Faile shivered and hugged herself. “My nurse used to say that meant a death coming. Not that I believe it, of course.”

He opened his mouth to agree it was foolishness, though he shivered, too, but his head whipped around at a grating sound and a thump. The axe had toppled to the floor. He only had time to frown, wondering what could have made it fall, when it shifted again, untouched, then leaped straight for him.

He swung the hammer without thought. Metal ringing on metal drowned Faile’s scream; the axe flew across the room, bounced off the far wall, and darted back at him, blade first. He thought every hair on his body was trying to stand on end.

As the axe sped by her, Faile lunged forward and grabbed the haft with both hands. It twisted in her grip, slashing toward her wide-eyed face. Barely in time Perrin leaped up, dropping the hammer to seize the axe, just keeping the half-moon blade from her flesh. He thought he would die if the axe—his axe—harmed her. He jerked it away from her so hard that the heavy spike nearly stabbed him in the chest. It would have been a fair trade, to stop the axe from hurting her, but with a sinking feeling he began to think it might not be possible.

The weapon thrashed like a thing alive, a thing with a malevolent will. It wanted Perrin—he knew that as if it had shouted at him—but it fought with cunning. When he pulled the axe away from Faile, it used his own movement to hack at him; when he forced it from himself, it tried to reach her, as if it knew that would make him stop pushing. No matter how hard he held the haft, it spun in his hands, threatening with spike or curved blade. Already his hands ached from the effort, and his thick arms strained, muscles tight. Sweat rolled down his face. He was not sure how much longer it would be before the axe fought free of his grip. This was all madness, pure madness, with no time to think.

“Get out,” he muttered through gritted teeth. “Get out of the room, Faile!”

Her face was bloodless pale, but she shook her head and wrestled with the axe. “No! I will not leave you!”

“It will kill both of us!”

She shook her head again.

Growling in his throat, he let go of the axe with one hand—his arm quivered with holding the thing one-handed; the twisting haft burned his palm—and thrust Faile away. She yelped as he wrestled her to the door. Ignoring her shouts and her fists pounding at him, he held her against the wall with a shoulder until he could pull the door open and shove her into the hallway.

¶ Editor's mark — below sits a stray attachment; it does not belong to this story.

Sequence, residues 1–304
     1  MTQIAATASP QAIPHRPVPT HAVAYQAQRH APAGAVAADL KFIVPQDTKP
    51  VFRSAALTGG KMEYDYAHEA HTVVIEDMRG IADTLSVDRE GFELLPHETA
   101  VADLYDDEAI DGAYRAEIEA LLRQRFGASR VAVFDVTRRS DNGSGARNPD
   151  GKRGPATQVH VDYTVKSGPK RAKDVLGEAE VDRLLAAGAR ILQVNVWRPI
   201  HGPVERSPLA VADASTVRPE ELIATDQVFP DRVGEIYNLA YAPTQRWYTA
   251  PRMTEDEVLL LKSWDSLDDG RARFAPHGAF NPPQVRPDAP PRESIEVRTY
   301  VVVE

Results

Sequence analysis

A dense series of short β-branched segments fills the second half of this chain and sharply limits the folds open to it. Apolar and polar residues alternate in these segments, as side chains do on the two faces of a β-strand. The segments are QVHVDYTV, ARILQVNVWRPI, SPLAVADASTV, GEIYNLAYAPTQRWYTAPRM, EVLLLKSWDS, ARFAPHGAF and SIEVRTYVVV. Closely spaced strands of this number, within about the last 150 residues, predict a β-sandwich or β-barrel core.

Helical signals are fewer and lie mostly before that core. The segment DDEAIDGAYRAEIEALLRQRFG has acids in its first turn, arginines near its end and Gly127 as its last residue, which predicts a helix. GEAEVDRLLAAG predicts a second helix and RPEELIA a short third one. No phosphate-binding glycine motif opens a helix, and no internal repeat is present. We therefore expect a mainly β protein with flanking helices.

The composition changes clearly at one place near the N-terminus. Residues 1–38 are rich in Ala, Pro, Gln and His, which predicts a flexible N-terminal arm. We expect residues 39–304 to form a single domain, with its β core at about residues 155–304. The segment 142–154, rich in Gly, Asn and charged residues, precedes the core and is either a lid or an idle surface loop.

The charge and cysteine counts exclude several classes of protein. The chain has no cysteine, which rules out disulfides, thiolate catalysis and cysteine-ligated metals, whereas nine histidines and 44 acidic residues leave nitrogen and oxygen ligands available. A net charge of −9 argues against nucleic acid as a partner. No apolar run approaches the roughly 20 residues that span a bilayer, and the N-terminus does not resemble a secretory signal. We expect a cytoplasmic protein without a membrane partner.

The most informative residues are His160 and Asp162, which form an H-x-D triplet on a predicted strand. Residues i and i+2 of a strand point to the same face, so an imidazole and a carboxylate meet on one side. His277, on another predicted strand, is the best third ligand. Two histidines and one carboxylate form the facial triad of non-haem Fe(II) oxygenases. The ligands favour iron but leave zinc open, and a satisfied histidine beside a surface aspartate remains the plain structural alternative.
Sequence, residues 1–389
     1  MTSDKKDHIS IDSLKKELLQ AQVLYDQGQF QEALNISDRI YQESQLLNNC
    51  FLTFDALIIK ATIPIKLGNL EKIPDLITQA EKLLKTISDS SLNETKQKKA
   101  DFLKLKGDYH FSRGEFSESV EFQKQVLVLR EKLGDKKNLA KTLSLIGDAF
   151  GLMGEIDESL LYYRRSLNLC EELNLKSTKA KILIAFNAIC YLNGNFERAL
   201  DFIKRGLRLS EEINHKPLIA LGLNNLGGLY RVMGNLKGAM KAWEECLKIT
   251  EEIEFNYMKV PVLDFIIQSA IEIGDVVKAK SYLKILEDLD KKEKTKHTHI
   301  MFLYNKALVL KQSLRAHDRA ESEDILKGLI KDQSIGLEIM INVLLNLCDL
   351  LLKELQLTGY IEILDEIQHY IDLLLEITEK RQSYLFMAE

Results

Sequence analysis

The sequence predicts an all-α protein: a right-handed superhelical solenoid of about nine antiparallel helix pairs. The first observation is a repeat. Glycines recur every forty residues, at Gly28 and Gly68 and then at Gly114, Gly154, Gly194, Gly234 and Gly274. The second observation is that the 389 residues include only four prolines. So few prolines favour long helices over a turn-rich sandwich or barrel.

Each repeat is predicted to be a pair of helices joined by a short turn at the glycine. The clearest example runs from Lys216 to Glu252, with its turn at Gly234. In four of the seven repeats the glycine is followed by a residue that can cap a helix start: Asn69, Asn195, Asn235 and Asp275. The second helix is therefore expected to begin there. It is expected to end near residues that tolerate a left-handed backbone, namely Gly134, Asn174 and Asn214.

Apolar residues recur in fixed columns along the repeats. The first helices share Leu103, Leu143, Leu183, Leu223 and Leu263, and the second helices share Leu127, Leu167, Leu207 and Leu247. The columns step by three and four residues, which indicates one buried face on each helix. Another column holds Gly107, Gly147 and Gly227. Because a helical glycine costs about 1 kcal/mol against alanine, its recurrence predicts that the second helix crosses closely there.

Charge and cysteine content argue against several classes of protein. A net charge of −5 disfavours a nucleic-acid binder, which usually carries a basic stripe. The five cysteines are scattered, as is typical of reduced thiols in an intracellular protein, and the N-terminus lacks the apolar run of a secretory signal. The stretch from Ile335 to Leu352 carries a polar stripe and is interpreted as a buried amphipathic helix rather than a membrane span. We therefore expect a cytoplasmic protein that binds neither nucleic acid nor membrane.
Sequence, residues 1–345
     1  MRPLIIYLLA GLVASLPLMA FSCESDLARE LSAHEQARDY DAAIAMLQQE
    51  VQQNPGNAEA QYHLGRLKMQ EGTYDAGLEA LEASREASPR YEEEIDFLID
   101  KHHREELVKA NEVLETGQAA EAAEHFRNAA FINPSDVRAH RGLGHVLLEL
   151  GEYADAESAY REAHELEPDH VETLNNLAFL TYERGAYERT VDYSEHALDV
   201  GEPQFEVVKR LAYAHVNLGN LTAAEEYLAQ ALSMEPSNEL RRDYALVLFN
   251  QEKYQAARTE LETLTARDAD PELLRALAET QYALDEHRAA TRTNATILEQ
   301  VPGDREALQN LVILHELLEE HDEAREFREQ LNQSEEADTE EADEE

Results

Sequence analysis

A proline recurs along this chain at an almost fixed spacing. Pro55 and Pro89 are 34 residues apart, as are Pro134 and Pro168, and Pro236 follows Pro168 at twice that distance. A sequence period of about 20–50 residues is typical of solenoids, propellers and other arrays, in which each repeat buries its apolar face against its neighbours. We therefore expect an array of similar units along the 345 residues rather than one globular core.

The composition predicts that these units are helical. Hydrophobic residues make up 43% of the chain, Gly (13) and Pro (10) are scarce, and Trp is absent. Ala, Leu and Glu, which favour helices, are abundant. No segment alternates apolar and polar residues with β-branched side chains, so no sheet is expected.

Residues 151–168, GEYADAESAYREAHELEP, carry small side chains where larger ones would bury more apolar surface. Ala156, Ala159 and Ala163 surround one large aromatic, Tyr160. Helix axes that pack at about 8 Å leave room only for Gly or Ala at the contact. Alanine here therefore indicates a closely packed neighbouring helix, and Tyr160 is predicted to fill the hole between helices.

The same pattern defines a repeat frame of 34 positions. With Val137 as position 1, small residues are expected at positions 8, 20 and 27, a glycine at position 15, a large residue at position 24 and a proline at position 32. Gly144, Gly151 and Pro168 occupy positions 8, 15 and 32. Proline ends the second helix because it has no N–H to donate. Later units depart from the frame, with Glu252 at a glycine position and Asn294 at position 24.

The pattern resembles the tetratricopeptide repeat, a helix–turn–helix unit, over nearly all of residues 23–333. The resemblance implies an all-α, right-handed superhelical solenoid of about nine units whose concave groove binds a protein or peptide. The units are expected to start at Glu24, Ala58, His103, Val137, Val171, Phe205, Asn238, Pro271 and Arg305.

Slamming the door behind her, he put his back against it, sliding the latch home with his hip as he seized the axe with both hands again. The heavy blade, gleaming and sharp, trembled within inches of his face. Laboriously, he pushed it out to arm’s length. Faile’s muted shouts penetrated the thick door, and he could feel her beating on it, but he was barely conscious of her. His yellow eyes seemed to shine, as if they reflected every scrap of light in the room.

“Just you and me, now,” he snarled at the axe. “Blood and ashes, how I hate you!” Inside, a part of him came close to hysterical laughter. Rand is the one who’s supposed to go mad, and here I am, talking to an axe! Rand! Burn him!

Teeth bared with effort, he forced the axe back a full step from the door. The weapon vibrated, fighting to reach flesh; he could almost taste its thirst for his blood. With a roar he suddenly pulled the curved blade toward him, threw himself back. Had the axe truly been alive, he was sure he would have heard a cry of triumph as it flashed toward his head. At the last instant, he twisted, driving the axe past himself. With a heavy thunk the blade buried itself in the door.

He felt the life—he could not think what else to call it—go out of the imprisoned weapon. Slowly, he took his hands away. The axe stayed where it was, only steel and wood again. The door seemed a good place to leave it for now, though. He wiped sweat from his face with a shaking hand. Madness. Madness walks wherever Rand is.